So now instead of writing hundreds of line code to filter airports by distance and ramp types and runway types, I just need a view that looks like the following:
What you see is the "view" I created over the airport tables so I'll have one logical table with all information I need. The plugin itself do not need to write such a query, but only to filter the view output by icao.
How that helps
All the code that relate to information gathering is running in the same thread, there is no "back and forth" transaction between two threads, which means less stuttering, if at all, during random mission creation.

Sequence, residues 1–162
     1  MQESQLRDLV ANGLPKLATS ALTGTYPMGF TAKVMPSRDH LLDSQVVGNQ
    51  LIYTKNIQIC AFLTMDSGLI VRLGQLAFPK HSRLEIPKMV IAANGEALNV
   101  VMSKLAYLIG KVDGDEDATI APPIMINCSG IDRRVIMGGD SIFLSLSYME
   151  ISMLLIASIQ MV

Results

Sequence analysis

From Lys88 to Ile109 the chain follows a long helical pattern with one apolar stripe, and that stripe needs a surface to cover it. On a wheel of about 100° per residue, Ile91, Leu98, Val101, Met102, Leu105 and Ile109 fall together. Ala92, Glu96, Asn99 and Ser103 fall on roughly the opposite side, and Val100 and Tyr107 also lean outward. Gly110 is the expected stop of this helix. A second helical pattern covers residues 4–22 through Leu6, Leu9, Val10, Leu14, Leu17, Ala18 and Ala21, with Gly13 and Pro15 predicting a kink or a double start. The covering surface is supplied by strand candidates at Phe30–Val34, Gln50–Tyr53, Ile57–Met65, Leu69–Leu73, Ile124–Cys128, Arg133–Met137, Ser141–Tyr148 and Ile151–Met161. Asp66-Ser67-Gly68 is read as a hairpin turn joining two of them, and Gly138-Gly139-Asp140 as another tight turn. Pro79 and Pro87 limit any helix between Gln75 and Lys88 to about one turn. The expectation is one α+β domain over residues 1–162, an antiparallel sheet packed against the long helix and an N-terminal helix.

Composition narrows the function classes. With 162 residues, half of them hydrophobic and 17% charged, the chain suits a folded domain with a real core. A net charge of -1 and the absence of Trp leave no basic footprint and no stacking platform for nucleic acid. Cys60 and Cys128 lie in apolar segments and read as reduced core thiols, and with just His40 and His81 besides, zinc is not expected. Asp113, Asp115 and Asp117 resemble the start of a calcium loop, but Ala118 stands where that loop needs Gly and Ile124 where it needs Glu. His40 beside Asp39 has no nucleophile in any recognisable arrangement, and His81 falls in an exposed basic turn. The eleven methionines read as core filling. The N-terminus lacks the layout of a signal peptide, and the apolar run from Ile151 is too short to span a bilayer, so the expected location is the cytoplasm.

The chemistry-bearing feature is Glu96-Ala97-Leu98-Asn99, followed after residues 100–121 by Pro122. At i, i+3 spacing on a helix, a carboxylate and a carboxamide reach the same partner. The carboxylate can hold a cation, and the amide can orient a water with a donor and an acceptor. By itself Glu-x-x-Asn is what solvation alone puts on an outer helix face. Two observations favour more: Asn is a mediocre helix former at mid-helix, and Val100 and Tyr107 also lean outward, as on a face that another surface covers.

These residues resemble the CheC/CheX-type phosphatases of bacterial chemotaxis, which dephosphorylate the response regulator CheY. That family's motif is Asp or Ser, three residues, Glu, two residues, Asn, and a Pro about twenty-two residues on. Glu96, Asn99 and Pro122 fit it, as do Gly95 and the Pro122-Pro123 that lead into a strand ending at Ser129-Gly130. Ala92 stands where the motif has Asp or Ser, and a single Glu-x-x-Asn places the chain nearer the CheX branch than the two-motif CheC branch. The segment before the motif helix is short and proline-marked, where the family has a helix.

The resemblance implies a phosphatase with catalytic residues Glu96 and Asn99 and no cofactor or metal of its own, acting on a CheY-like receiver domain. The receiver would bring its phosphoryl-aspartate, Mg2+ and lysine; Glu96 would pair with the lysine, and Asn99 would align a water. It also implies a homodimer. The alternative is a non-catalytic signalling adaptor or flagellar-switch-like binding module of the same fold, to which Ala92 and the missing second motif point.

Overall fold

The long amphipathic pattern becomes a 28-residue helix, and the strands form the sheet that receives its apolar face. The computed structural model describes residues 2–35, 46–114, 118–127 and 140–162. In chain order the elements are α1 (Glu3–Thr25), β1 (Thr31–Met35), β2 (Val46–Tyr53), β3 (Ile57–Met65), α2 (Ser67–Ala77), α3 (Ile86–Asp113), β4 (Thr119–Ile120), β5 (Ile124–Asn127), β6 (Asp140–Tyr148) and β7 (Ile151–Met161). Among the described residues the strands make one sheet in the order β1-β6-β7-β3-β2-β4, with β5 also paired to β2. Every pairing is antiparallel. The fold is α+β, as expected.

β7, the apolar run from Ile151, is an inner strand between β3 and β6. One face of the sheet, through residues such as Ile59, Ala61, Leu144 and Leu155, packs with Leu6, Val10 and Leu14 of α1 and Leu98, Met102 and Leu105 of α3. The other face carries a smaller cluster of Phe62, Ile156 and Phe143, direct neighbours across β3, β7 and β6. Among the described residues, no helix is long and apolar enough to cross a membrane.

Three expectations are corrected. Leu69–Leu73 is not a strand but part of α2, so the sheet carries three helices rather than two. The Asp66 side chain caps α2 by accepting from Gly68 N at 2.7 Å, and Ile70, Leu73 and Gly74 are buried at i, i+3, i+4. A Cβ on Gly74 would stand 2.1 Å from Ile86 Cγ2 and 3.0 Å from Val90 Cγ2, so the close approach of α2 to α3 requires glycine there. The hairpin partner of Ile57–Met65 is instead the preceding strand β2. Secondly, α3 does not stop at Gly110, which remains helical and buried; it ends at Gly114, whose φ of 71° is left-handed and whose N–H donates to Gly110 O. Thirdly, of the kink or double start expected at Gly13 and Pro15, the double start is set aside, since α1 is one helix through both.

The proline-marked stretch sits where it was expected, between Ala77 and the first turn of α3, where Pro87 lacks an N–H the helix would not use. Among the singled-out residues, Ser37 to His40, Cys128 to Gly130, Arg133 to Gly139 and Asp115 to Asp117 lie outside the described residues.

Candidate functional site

This implementation is not used by all types of random missions, it is mainly for medevac and cargo missions, while the rest might only need ramp information which is a much simpler query or their code does need information from thread.
I hope that by implementing this kind of workflow, the plugin will cause less stutter during mission preparation and maybe it will help me expand the options Mission-X provide right now.
As for Laminar Research team, I think they should have provided a utility that does the same so 3rd party developers could just use their own private database to work with. The other option is that LR will have their own database interface that others can use but then LR will have to priorities and handle all requests in a thread safe manner.
Until the next build